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Nightengale points to ‘deal-breaker’ between MLB players, owners that will halt Arizona restart

© Matt Kartozian | 2016 Jun 13

Major League Baseball is doing everything they can to come up with a plan to avoid a lost 2020 season, as the coronavirus pandemic continues to throw everything in doubt. Their most recent discussions reportedly involve a wild scenario where the season would take place entirely in Arizona, would require players and staff to remain in quarantine for 4 1/2 months and include such possibilities as robot umpires and seven-inning games.

The plan has taken a significant amount of heat since coming to light, with much of the public pointing to the inherent risk and moral issues it presents. But there’s another issue that could actually prove to be the deal-breaker according to Bob Nightengale of USA Today: A little thing called money.

Via Nightengale:

The first deal-breaker, before the two sides even start talking about logistical concerns that would fill the Grand Canyon, is money. The players, by agreeing to sacrifice their health and willingness to be away from their families for at least four months, would want to be paid their full salary, at least a pro-rated share of their remaining salary for the games missed.

Sorry — two MLB owners told USA TODAY Sports they would never approve any deal if there are no fans without requiring players to take a significant pay cut – perhaps as much as 40%. They spoke on condition of anonymity due to the sensitive nature of the talks. With no fans in the stands, no parking revenue and no concessions, that wipes out about $4 billion of the $10.7 billion in revenue MLB generated last year.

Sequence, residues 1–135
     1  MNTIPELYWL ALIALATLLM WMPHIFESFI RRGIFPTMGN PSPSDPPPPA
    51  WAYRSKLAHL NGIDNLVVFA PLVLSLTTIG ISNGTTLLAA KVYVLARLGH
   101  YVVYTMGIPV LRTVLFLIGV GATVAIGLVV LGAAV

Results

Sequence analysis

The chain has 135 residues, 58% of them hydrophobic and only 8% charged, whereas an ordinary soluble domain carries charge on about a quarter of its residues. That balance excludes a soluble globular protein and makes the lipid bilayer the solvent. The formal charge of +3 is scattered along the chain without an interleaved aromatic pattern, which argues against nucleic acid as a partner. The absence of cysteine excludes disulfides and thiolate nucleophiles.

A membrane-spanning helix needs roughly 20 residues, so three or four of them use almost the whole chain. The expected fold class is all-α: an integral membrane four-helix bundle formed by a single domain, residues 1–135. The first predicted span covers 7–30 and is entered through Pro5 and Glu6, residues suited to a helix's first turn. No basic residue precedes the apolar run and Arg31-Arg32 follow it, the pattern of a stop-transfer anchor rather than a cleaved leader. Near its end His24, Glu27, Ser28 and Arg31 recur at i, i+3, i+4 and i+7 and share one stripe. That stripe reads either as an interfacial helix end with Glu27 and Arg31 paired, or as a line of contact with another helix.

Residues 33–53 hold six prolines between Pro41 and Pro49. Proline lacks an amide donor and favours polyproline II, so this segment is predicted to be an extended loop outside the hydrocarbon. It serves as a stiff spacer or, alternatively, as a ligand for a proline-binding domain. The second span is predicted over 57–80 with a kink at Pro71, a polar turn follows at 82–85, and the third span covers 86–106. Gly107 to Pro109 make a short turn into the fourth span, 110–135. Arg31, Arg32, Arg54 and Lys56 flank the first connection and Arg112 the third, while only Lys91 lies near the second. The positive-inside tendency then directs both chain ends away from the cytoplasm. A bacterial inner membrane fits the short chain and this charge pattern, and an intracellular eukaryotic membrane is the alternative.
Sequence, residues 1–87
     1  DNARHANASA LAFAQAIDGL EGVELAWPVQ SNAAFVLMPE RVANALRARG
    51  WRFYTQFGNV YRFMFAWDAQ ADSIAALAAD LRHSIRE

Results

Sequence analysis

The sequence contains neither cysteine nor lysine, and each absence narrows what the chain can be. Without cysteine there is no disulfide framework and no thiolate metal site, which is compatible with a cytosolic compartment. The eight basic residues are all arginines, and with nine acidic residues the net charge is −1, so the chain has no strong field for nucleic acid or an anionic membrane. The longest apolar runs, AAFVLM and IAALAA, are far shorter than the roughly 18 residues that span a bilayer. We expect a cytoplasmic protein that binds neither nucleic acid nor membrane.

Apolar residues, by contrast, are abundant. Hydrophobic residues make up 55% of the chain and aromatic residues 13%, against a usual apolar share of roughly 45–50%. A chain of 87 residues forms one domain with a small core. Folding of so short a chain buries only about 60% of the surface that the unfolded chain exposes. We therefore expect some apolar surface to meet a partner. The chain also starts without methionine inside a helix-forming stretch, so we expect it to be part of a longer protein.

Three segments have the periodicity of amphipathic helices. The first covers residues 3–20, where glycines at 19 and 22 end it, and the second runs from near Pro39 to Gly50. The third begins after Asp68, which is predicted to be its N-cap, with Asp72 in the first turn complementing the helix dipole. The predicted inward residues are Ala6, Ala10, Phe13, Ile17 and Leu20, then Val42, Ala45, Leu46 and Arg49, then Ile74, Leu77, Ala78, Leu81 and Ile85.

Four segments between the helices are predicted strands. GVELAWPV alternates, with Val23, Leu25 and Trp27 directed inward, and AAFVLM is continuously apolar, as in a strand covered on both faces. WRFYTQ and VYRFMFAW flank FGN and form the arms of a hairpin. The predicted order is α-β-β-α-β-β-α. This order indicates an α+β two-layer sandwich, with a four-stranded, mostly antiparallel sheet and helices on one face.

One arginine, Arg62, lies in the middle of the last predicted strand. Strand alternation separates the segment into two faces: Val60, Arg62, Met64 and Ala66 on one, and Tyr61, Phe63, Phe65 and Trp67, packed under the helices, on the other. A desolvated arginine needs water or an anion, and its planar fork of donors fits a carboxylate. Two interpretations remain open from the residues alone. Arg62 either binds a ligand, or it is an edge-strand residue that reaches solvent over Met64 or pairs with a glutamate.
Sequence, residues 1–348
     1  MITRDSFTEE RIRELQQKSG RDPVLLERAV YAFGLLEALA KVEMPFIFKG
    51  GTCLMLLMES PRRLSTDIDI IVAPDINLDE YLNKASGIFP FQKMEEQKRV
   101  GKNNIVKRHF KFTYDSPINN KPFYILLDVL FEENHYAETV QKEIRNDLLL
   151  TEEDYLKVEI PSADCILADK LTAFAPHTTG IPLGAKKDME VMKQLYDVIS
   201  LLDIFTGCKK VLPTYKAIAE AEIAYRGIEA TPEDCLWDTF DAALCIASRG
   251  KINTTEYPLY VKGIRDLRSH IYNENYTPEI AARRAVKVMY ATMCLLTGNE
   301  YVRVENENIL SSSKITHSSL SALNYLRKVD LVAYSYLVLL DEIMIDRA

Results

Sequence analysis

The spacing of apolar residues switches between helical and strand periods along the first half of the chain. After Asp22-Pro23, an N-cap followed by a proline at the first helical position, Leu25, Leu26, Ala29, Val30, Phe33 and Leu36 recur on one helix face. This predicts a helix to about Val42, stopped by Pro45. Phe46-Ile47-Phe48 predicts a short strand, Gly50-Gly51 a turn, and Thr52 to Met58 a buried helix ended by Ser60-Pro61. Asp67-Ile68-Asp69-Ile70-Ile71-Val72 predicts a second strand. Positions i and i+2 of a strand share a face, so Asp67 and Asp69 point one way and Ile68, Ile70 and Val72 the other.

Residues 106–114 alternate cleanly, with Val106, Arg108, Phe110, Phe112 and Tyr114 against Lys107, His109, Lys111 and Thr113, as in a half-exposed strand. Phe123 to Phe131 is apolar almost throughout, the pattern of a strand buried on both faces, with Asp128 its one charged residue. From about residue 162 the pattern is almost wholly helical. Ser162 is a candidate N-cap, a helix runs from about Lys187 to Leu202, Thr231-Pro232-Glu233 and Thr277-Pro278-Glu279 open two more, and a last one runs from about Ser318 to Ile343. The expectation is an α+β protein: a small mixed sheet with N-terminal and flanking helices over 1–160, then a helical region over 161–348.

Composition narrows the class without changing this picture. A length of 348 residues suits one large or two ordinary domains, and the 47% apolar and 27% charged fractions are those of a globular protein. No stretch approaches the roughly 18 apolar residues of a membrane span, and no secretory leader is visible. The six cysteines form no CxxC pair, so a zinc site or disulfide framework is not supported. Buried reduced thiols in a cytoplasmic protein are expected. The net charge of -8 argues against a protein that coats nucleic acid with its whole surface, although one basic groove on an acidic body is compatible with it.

From the players perspective something’s got to give. If the owners are going to ask them to make such a sacrifice, there has to be a financial incentive. Without that, it’s hard to fathom how the plan as currently constructed could work, especially considering the financial burden that the clubs now find themselves in.

The only realistic solution may revolve around waiting until it is safe to play baseball as we have become accustomed to, and that may mean waiting a very long time until it returns.


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